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Knee ligament sprains  – the collateral ligaments can be damaged through twisting motions of the knee. Furthermore a blow to the outside of the knee can damage the (MCL) and a blow to the inside of the knee can damage the (LCL).

A ligament is a strong band of tissue that joins bone to bone. Surrounding the knee joint there are two ligaments that join from the bottom of the thigh bone (femur) to the top of the shin bone (tibia). One runs on the outside of the knee (lateral collateral ligament – LCL) and the other runs on the inside of the knee (medial collateral ligament – MCL). A sprain of a ligament occurs when the tissue is stretched or torn.

A ligament sprain can be classified as below depending on the severity of the sprain:

•    grade I sprain: pain with minimal damage to the ligaments
•    grade II sprain: more ligament damage and mild looseness of the joint
•    grade III sprain: complete tearing of the ligament and the joint is very loose or unstable.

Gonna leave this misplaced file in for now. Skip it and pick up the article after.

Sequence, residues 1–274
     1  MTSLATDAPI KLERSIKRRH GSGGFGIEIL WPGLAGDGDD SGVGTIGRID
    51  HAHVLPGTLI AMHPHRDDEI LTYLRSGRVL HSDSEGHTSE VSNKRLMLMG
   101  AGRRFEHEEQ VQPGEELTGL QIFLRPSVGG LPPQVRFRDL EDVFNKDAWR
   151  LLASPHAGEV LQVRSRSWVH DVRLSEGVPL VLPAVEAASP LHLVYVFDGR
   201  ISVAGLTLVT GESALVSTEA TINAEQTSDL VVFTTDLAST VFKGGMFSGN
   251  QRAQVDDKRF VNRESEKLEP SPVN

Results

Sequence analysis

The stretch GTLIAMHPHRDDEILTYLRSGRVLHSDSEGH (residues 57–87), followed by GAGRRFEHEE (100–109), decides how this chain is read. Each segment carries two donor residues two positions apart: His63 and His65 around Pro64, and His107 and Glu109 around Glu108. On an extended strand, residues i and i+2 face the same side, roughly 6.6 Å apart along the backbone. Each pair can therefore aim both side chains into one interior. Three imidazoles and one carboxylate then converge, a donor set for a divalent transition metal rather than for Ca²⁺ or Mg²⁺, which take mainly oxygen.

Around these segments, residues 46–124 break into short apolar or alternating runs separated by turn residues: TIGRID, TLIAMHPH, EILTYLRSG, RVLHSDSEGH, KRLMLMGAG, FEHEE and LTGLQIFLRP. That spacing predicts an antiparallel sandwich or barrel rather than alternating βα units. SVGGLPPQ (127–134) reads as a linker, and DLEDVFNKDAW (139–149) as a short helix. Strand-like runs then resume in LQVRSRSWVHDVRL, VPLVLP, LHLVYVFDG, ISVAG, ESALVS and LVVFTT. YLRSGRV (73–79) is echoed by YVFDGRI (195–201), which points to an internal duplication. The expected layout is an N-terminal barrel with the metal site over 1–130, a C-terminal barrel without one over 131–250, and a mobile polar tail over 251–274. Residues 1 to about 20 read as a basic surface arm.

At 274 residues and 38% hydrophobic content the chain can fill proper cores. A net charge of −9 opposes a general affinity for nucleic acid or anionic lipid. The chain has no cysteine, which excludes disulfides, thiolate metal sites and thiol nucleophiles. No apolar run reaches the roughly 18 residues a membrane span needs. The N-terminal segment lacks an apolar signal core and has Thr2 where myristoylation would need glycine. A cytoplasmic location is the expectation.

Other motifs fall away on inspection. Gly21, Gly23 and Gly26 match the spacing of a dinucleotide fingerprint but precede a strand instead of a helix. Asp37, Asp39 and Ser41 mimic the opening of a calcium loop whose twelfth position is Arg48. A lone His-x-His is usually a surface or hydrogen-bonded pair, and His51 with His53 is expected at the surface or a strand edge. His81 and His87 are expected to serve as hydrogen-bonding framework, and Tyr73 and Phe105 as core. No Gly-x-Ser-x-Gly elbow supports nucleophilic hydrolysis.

Symptoms of Knee ligament sprains

At the time of injury you may feel a pop or a snap. In the case of a (MCL) sprain pain and swelling will be on the inside of the knee and alternatively if the (LCL) is sprained then pain and swelling will be on the outside of the knee.

Diagnosis and treatment

Your physiotherapist will be able to diagnose and treat this condition according to the severity of the sprains. At times an x-ray may be done to rule out any bony damage. A scan may also be done to see the damage to the ligament especially in the case of severe sprains as often other ligaments and tissues (e.g. nerves, bones, blood vessels) of the knee joint can be involved.
In the management of a collateral ligament sprain initial physiotherapy would involve reducing pain and swelling. This may involve electrotherapeutic modalities, ice, rest, wearing of a brace, the use of crutches and gentle massage.

Following this treatment would move onto rehabilitation and return to sport. This may involve strengthening of knee stability muscles, stretching and decreasing activity of tight/overactive muscles, proprioceptive (balance) exercises and correction of any abnormal lower limb biomechanics. Your physiotherapist would also guide you in a gradual progression to sport.